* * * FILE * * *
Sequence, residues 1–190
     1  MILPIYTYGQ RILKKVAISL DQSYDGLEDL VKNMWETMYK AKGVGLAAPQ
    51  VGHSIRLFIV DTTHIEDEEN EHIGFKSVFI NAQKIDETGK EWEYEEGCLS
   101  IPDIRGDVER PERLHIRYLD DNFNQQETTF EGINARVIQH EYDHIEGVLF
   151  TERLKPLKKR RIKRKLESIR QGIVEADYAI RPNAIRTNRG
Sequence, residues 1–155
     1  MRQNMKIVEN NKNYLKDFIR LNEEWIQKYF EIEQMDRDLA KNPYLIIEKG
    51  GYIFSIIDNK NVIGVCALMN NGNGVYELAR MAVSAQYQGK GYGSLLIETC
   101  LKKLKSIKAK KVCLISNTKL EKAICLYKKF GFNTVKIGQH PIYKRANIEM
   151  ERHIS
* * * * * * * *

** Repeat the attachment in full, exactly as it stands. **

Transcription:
Sequence, residues 1–190
     1  MILPIYTYGQ RILKKVAISL DQSYDGLEDL VKNMWETMYK AKGVGLAAPQ
    51  VGHSIRLFIV DTTHIEDEEN EHIGFKSVFI NAQKIDETGK EWEYEEGCLS
   101  IPDIRGDVER PERLHIRYLD DNFNQQETTF EGINARVIQH EYDHIEGVLF
   151  TERLKPLKKR RIKRKLESIR QGIVEADYAI RPNAIRTNRG
Sequence, residues 1–155
     1  MRQNMKIVEN NKNYLKDFIR LNEEWIQKYF EIEQMDRDLA KNPYLIIEKG
    51  GYIFSIIDNK NVIGVCALMN NGNGVYELAR MAVSAQYQGK GYGSLLIETC
   101  LKKLKSIKAK KVCLISNTKL EKAICLYKKF GFNTVKIGQH PIYKRANIEM
   151  ERHIS